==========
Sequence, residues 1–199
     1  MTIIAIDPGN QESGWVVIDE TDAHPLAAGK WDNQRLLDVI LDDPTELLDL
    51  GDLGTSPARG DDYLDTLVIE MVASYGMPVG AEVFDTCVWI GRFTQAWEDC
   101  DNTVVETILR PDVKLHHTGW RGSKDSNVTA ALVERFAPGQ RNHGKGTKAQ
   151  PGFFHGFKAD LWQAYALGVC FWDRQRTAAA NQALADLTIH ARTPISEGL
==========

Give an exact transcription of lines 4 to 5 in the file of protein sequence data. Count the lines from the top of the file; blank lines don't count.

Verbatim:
   101  DNTVVETILR PDVKLHHTGW RGSKDSNVTA ALVERFAPGQ RNHGKGTKAQ
   151  PGFFHGFKAD LWQAYALGVC FWDRQRTAAA NQALADLTIH ARTPISEGL